Achievement in professional athletics often carries with it the opportunity to speak. Shannon Sharpe took full advantage of that curious reality during his induction into the National Football League's Hall of Fame. The former Denver Broncos and Baltimore Ravens star took the Canton, Ohio, stage for more than 26 minutes on Aug. 6, delivering what many consider among the best acceptance speeches in the hall's 49-year history.
What made it great? Take a listen: "It's time for me to give Mary Porter a face for all who don't know who she is. . . . My grandmother was a very simple woman; she didn't want a whole lot. My grandmother wanted to go to church and Sunday school every Sunday. She wanted to be in Bible study every Wednesday. And the other days, she wanted to be on a fishing creek."
Sharpe's ode to his deceased grandmother, who raised him and his two siblings like her own, wound through stories of sacrifice, kindness, and simplicity. When he first realized he was in line to make millions of dollars, Sharpe asked his grandmother what she'd like him to buy for her. She said she'd like a house just decent enough to keep her dry through a night of rain. She'd never had as much. "That's what drove Shannon," Sharpe said, referring to himself in the third person. "That's what got me here."
Sharpe spoke of a "five-alarm fire" raging within him to escape the poverty of his youth. He recounted memories of burlap bed sheets, pots and pans scattered across a concrete floor to catch the drips of a leaky roof, and the impossible monthly decisions whether to pay utility bills or buy groceries.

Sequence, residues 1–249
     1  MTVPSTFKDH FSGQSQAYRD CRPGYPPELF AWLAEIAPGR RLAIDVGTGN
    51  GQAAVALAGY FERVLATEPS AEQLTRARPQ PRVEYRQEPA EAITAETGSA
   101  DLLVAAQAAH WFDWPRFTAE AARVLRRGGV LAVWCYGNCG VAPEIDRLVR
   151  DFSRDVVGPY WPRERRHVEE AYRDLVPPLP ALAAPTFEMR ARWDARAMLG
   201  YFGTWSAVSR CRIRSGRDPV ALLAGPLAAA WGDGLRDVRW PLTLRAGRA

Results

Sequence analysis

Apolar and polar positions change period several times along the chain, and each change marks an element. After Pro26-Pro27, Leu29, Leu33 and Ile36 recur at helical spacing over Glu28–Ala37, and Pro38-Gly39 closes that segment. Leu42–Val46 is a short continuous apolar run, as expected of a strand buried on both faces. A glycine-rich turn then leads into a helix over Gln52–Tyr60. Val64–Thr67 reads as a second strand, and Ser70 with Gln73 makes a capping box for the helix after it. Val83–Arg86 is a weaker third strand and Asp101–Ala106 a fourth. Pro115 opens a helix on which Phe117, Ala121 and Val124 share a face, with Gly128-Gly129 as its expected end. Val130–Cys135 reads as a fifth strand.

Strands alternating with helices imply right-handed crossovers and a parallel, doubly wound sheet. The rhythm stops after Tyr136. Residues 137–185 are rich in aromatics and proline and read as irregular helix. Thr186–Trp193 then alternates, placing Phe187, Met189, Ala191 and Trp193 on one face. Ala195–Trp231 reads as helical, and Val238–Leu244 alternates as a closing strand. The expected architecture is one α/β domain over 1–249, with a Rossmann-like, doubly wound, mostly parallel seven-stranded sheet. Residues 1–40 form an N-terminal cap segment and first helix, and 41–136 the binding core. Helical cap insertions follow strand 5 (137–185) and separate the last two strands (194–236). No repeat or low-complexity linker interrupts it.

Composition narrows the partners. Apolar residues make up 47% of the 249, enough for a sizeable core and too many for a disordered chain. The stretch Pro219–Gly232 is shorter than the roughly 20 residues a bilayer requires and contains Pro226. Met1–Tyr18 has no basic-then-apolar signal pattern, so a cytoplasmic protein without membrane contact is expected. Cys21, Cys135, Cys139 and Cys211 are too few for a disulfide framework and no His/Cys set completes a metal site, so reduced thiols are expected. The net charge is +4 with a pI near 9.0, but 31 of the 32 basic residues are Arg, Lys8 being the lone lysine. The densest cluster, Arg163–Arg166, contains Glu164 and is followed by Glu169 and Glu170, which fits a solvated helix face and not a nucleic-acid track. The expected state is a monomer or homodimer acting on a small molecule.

The struggle of such circumstances pressed him to outwork athletes of greater natural ability. It pressed him to insist on achievement by sheer force of will. And he did it all for the grandmother who loved him. That is the stuff of great speeches.
But Sharpe's single-minded dedication to making it in the NFL produced casualties, too. Obscured between the applause lines and self-deference, a subtext of broken promises and tattered relationships revealed a deeply flawed and burdened man. His discussion of his children was nothing short of heart-breaking: "I didn't want my kids to live one hour in the life that I had, let alone a day. And I neglected my kids. I missed recitals. I missed football practice. I missed graduations. I was so obsessed with being the best player I could possibly be that I neglected a lot of people. I ruined a lot of relationships. But I'm not here to apologize for that, because it got me here. And it got them to a life they never would have enjoyed had it not been for that."
Pursuing a dream at all costs can get expensive. Without apology, Sharpe asked those closest to him to pay dearly. And in hindsight, he is without remorse, filled instead with a twisted sense of gratitude: "Thank you for making all those sacrifices other kids didn't have to make so your dad could live out his dream."
A great speech? Perhaps. A great life? Hardly.